College of New Caledonia in British Columbia receives C$2M for forest innovation research, officials say work with key industry players including Canfor, Dunkley Lumber, Lakeland Mills, will improve industry's competitiveness, train skilled workers

PRINCE GEORGE, British Columbia , April 17, 2014 () – CNC receives largest research grant in college’s history

CNC officially received its largest research grant ever Thursday, which will see more than $2 Million invested into forestry innovation in central BC.

The college received $1.88 million from the Natural Sciences and Engineering Research Council of Canada (NSERC) and $200,000 from the CNC Research Forest Society to research innovations in the forestry industry.

“Our goal is to help the forest industry become more innovative and competitive, while giving our students opportunities to work on cutting-edge technology and innovation opportunities facing the sector today,” said Hardy Griesbauer, CNC’s Director of Applied Research and Innovation. “The forest industry faces a number of challenges, including reduced timber supply from the mountain pine beetle, a skilled labour shortage, and a range of impacts from climate change. At the same time, emerging technologies and information may be able to help forest companies overcome these challenges.”

“We would like to thank NSERC and our partners for this very large investment in applied research at CNC.”

CNC will work with Canfor, Dunkley Lumber, BC Timber Sales, Lakeland Mills and possibly others on advancements for the forestry industry.

“Canfor relies on the skills training available through CNC,” said Ralph Hausot, Chair of the CNC Research Forest Society and Canfor planning supervisor. “Demand for skilled workers is growing in the forest sector, and our industry has a bright future. This significant funding from NSERC will provide critical support as the industry works with educational institutions to train the people we need to grow the economy in the North.”

CNC signed a 10 year harvest and joint management agreement with Dunkley Lumber last fall, and an expanded partnership agreement with the forest company this spring, all in support of good forest practices and student development.

“We are excited to partner with CNC in the management of the research forest. The expanded research opportunities that this funding provides will help to explore and develop solutions for forest management issues relevant throughout the central and northern interior,” said Doug Perdue, Chief Forester of Dunkley Lumber. “In addition to forest management benefits, the opportunity to involve the CNC Natural Resource and Environmental Technology students in the research activities will enhance their educational experience. The skills the students develop will continue to pay dividends as they take their place in our local communities after graduation.”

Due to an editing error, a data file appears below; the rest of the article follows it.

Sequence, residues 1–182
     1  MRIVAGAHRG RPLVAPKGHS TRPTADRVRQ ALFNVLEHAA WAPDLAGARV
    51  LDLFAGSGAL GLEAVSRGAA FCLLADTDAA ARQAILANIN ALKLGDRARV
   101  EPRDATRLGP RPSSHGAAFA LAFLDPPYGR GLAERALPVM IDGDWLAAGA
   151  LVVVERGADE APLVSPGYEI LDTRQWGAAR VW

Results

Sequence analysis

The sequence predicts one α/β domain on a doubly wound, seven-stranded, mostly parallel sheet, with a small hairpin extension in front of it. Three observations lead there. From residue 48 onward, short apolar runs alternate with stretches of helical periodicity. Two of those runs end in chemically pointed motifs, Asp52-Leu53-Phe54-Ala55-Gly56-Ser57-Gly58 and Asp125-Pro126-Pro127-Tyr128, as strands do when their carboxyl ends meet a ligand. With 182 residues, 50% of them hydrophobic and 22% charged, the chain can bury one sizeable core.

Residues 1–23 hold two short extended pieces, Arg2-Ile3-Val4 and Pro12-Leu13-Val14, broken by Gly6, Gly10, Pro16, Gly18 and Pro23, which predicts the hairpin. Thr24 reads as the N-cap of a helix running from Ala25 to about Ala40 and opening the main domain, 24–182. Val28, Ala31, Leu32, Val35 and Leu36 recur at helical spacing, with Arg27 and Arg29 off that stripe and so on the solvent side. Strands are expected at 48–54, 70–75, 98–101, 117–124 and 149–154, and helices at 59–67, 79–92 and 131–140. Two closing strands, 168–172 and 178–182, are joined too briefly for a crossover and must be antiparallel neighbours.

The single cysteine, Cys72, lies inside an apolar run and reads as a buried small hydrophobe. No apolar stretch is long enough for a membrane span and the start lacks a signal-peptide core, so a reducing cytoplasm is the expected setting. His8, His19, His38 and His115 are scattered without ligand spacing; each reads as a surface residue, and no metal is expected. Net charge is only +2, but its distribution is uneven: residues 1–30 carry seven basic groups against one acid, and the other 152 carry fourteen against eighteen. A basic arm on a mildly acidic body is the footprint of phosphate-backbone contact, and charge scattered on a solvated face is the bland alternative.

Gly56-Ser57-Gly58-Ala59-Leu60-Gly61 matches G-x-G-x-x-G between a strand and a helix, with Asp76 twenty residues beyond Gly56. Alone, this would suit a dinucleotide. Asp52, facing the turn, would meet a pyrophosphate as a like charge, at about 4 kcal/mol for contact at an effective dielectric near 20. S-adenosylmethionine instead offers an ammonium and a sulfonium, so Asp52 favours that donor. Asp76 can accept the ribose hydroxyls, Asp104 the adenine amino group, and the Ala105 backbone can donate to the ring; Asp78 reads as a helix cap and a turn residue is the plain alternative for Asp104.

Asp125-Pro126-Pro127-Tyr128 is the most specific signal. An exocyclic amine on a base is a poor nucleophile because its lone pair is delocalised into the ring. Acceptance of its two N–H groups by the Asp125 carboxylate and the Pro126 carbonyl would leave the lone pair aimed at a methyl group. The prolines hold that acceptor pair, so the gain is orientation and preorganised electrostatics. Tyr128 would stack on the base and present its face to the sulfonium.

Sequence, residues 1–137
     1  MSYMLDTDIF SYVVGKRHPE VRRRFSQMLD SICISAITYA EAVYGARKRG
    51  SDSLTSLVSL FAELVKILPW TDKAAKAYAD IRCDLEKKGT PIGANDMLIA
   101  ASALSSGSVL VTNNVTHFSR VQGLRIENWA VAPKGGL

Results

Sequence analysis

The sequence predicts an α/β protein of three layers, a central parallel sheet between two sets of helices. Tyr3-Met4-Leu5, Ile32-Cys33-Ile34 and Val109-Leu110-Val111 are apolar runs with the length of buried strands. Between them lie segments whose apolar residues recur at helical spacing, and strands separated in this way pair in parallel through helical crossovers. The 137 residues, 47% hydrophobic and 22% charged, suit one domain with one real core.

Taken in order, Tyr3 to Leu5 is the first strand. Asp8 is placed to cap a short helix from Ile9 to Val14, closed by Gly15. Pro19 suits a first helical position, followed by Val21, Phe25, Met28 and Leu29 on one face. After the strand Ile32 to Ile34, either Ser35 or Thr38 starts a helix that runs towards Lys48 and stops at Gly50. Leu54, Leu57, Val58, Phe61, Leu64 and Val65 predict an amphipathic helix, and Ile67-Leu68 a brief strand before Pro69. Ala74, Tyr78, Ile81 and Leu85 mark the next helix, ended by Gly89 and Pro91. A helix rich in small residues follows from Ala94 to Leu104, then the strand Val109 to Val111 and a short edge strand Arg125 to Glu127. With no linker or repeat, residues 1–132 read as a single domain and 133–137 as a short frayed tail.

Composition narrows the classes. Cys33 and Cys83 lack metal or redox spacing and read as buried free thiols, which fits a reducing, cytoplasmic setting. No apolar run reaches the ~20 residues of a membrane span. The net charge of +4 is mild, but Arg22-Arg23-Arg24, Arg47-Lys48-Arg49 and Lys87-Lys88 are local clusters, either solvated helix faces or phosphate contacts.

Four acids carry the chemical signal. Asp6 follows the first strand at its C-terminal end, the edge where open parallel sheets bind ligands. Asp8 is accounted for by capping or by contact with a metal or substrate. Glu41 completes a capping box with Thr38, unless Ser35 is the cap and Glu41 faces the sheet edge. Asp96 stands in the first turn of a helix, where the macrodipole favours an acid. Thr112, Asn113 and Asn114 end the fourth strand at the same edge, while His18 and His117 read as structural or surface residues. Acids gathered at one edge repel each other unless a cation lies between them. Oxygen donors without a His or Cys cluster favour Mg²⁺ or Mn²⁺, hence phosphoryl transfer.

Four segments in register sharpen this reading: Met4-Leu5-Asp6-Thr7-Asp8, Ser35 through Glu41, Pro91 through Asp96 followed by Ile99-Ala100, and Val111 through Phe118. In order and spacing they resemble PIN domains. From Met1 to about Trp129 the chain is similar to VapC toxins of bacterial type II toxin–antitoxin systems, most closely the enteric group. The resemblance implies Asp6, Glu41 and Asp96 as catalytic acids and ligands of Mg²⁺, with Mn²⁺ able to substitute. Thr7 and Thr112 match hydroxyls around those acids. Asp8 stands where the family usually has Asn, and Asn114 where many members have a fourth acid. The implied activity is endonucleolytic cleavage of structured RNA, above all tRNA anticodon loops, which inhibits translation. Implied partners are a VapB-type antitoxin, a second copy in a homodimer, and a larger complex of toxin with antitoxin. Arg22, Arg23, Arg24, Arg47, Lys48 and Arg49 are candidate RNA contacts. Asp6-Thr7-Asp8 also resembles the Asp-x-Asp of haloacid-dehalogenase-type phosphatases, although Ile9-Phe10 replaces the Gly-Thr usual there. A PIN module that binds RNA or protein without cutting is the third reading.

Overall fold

Outcomes from this research will support sustainable and enhanced innovation throughout the forestry sector, thus helping forest companies address challenges and capitalize on new opportunities. “This project is a perfect fit with our future forest stewardship objectives,” said Frank Varga, BC Timber Sales practices forester. “The research these students are doing will provide valuable knowledge about the effects of climate change on northern B.C. forests and help us determine which tree species are best-suited to the region.”

Students involved in research projects benefit through enhanced training with new technologies and forest practices, and opportunities to further develop their innovation and technical skillsets while working directly with local companies on industry-led research. “Focusing research investment dollars towards unique challenges faced by the forest industry in the central interior will have long term benefits for CNC students, the forest industry and our working forests,” said Les Dillabaugh, Lakeland Mills Silviculture Forester.

CNC’s 12,500 hectare research forest, located near Prince George, provides an ideal research facility for industry and researchers to collaboratively address a range of forest industry research needs. College faculty and students will work with industry and partners on a range of research projects including: innovative forest harvesting techniques to protect streams and lakes, planting new tree species in central BC as an adaptation to climate change, and using geomatics data to improve forest planning and operations.

“Students will have opportunities to work on teams made up of industry, government, and college experts, and look at a range of innovation and technology solutions that will help the forest industry,” Griesbauer said. “These opportunities help our students develop important skills for today’s workforce, such as critical thinking, effective communication, problem solving, and teamwork.

CNC’s research forest is governed by the CNC Research Forest Society Board, which is comprised of local companies, three local First Nations, and academic and government forestry experts. The CNC Research Forest Society annually funds applied forestry research projects with proceeds from timber harvested on the research forest, thus providing a model for financially sustainable research funding.

CNC invites companies who would like to innovate or use technology to solve business challenges to call 250-562-2131 local 5541.

The College’s Office of Applied Research and Innovation links companies together with College teams of instructors, staff and students to work on company-specific challenges or opportunities.

“If you like research, there’s never been a better time to be a student or faculty member at CNC,” Griesbauer said.

The CNC NSERC grant was part of $40 million handed out Thursday by Ed Holder, Minister of State Science and Technology to colleges across Canada to support applied research and development (R&D) activities with industry.

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